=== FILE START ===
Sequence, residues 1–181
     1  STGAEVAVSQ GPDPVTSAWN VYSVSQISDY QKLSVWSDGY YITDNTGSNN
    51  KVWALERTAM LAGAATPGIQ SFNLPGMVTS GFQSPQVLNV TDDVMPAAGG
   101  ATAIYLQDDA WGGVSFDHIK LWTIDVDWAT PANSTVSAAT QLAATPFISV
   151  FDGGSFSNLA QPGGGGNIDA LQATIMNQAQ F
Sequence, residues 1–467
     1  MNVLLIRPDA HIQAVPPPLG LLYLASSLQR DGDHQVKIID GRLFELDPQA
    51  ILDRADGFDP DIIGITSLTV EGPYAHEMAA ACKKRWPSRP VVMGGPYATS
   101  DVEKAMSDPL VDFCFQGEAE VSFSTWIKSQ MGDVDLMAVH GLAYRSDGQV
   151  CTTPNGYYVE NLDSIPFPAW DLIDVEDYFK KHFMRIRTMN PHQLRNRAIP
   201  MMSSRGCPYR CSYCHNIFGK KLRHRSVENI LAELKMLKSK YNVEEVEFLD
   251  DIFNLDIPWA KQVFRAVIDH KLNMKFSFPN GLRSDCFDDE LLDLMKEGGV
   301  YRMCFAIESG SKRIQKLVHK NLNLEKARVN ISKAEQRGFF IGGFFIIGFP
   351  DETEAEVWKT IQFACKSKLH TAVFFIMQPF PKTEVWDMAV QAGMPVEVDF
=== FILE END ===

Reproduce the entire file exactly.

Sequence, residues 1–181
     1  STGAEVAVSQ GPDPVTSAWN VYSVSQISDY QKLSVWSDGY YITDNTGSNN
    51  KVWALERTAM LAGAATPGIQ SFNLPGMVTS GFQSPQVLNV TDDVMPAAGG
   101  ATAIYLQDDA WGGVSFDHIK LWTIDVDWAT PANSTVSAAT QLAATPFISV
   151  FDGGSFSNLA QPGGGGNIDA LQATIMNQAQ F
Sequence, residues 1–467
     1  MNVLLIRPDA HIQAVPPPLG LLYLASSLQR DGDHQVKIID GRLFELDPQA
    51  ILDRADGFDP DIIGITSLTV EGPYAHEMAA ACKKRWPSRP VVMGGPYATS
   101  DVEKAMSDPL VDFCFQGEAE VSFSTWIKSQ MGDVDLMAVH GLAYRSDGQV
   151  CTTPNGYYVE NLDSIPFPAW DLIDVEDYFK KHFMRIRTMN PHQLRNRAIP
   201  MMSSRGCPYR CSYCHNIFGK KLRHRSVENI LAELKMLKSK YNVEEVEFLD
   251  DIFNLDIPWA KQVFRAVIDH KLNMKFSFPN GLRSDCFDDE LLDLMKEGGV
   301  YRMCFAIESG SKRIQKLVHK NLNLEKARVN ISKAEQRGFF IGGFFIIGFP
   351  DETEAEVWKT IQFACKSKLH TAVFFIMQPF PKTEVWDMAV QAGMPVEVDF